Data in Table 3 indicated that isolate DL6 was more effective than DL2. Failure of overlap at 95% fiducial limits was considered as an evidence for significant differences between LC50 levels. The toxicity index values from the leaf-dip bioassay illustrated the relative potency between the most efficient isolate (DL6) as a standard and the other isolate DL2 (Sun, 1950). The potency of DL6 was approximately 2.6 folds than that of DL2 (Table 3). On the other hand, per os bioassay in Table 4 revealed a similar trend of efficacy, whereas DL6 had toxicity 2.03-folds of DL2. However, there was insignificant difference shown between DL2 and DL6 in per os bioassay, whereas an overlap occurred between the fiducial limits.
Although entomopathogenic bacteria are well known as the most efficient bio agents in controlling insects, Pseudomonas aeruginosa was the first bacterial isolate registered against the desert locusts (Ashrafi, et al.,1965). Obtained bacterial isolates may become promising entomopathogenic bacteria to control S. gregaria nymphs due to their fast killing rate.
Biochemical characterizations of selected bacteria using Biolog microbial identification system
Biolog MicroPlate™ pattern revealed that the most bioactive bacterial isolates, DL2 and DL6, to 4th instar nymphs of S. gregaria were preliminary identified as B. weihenstephanensis and Pseudomonas sp., respectively, according to their metabolic fingerprint.
Molecular identification of the most bioactive bacterial isolates using 16S rRNA sequencing
Images captured of agarose gel electrophoreses (Fig. 1) emphasized that the isolation process of DL2 and DL6 from the gut and paste of the infected/dead locusts was successfully conducted under aseptic and controlled conditions. The yielded bands were about 1000 to 1100 bp, for DL2 and DL6 isolates, respectively. DNA amplification and DNA sequencing were conducted using two sets of primers that were designed to complement the conserved regions of 16S ribosomal DNA of both DL2 and DL6 strains. The genera Bacillus and Pseudomonas were found to be the predominant identified bacteria, when sequences were blasted against nucleotide database using a nucleotide query algorithm.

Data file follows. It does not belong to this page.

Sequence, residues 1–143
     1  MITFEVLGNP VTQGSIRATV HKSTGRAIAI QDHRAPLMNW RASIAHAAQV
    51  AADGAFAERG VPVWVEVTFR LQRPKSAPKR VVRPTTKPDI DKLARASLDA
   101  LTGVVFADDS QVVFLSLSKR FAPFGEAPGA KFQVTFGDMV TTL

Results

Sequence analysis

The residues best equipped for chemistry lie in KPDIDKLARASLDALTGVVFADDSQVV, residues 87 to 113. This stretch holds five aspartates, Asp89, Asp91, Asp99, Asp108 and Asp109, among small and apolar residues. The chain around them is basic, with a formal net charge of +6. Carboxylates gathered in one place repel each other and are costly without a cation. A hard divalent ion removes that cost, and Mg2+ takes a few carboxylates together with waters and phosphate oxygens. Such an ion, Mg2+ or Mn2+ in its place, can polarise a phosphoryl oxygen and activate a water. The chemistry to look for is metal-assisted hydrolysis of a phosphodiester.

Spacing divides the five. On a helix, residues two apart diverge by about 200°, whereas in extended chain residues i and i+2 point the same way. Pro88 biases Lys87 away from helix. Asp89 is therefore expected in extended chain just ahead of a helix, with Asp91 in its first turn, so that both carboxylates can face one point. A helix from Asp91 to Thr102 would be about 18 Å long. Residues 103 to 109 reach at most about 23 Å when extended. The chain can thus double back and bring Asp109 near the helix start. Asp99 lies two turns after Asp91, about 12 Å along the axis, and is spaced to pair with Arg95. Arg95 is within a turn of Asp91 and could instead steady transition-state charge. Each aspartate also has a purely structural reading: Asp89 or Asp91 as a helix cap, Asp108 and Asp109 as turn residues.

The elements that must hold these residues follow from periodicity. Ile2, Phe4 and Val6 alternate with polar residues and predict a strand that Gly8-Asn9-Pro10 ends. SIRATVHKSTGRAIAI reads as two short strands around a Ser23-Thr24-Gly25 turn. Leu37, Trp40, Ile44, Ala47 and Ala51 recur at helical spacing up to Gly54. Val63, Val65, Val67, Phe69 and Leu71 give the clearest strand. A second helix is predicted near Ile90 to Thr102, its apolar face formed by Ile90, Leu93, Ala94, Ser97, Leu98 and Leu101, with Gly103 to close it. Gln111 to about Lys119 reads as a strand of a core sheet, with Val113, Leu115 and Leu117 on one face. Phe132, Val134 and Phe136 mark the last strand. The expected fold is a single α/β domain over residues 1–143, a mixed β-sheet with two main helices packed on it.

The following partial 16S rRNA gene sequence is already submitted to NCBI under the accession number KY630645 and KY630649 for DL2 and DL6, respectively, as the following:
‟GGAGCTAACGCGTTAAGTTCACCGCCTGGGGAGTACGGCCGCAAGACTGAACCTCAATGGATTTGACGGGGGCCCCCGCAACCGGGGAACTAGGTGGTTTATTTCAAGCCACCCCGAAAACCCTTACCTCGCCTTGCCTCGTCAAAAACTTTCCAAAAATGGATGGTGGCCTTCGGAACCCCGAAACCAGGGCCTGCTTGGTTGCCTCCACCTCTGGTCTGGAAAGGTGGGGTTAAGTCCCCCCACCAACGCACCCCTTGCCCTTGTTTGCCACCGCTCAAAGCCGGGGAATCTCAAGAGACAGCCCCTGAGACACTCCAGAAAAGGGGGGATCACCTCGTCTCCTCGGGCCCCTTAAGGACGGGGCTACACGCGCTCTACTGGGGTATGCACAGAGGACTGCACCCCCGCAAGCGAACGCACCTCCCAAAATCCCTCTCACACCCGAGAGTAGACTCTGCAACTCTACTCTCTGAAATCTCAAACTCTCTTAATCACATATCAACGTTGCTGCGAAGACTATCTCCGCGGGTGTTGTCCACGCCCGCCGTCCCACCGGGGGTAGTTTGTTGCACCAGAAGCATGTAGCTTCTCCTTCCAGGAGGCCGCTCGCCTCGGGATGCCCGACTACTGGGAAGACCTCAAGAAGGGGCCCCCCAAAAAAAAAAA". The isolated bacteria DL2 and DL6 were successfully identified as B. weihenstephanensis (KY6306 45) and Pseudomonas sp. (KY630649), with a very high similarity of 100% with B. weihenstephanensis strain PHCDB9 (NR_024697) and 75% with Pseudomonas sp. strain DSM11821 (KF417541), respectively.
The genus Bacillus has been considered as proteolytic bacteria (Visotto et al., 2009), enhancing toxicity agent (Mashtoly et al., 2010 & Mashtoly et al., 2011), and/or entomopathogenic bacteria (Sezen et al., 2005 and Mashtoly et al., 2009). Insecticidal characteristics of Bacillus spp. varied due to the ability in producing their entomopathogenic toxins. Bacillus cereus group includes six related species such as B. cereus, B. anthracis, B. thuringiensis, B. mycoides, B. pseudomycoides, and B. weihenstephanensis have been known to produce a lipase toxin namely phospholipase C (Lysenko 1972a, b) and the paralytic toxin sphingomyelinase C (Nishiwaki et al., 2004). B. thuringiensis has been considered the most attributed entomopathogenic bacteria in controlling insects. B. weihenstephanensis is known with a unique capability to survive in a psychrophilic condition (Soufiane and Cote, 2010). B. thuringiensis serovar japonensis and B. cereus have been successfully used as microbial control agents for the grubs of Anomala orientalis, Cyclocephala borealis, Amphimallon solstitialis, Melolontha melolontha, Anomala dimidiata, and Holotrichia seticollis (Guttmann and Ellar, 2000; Mashtoly, et al., 2010; Selvakumar et al., 2007 and Sushil et al., 2008).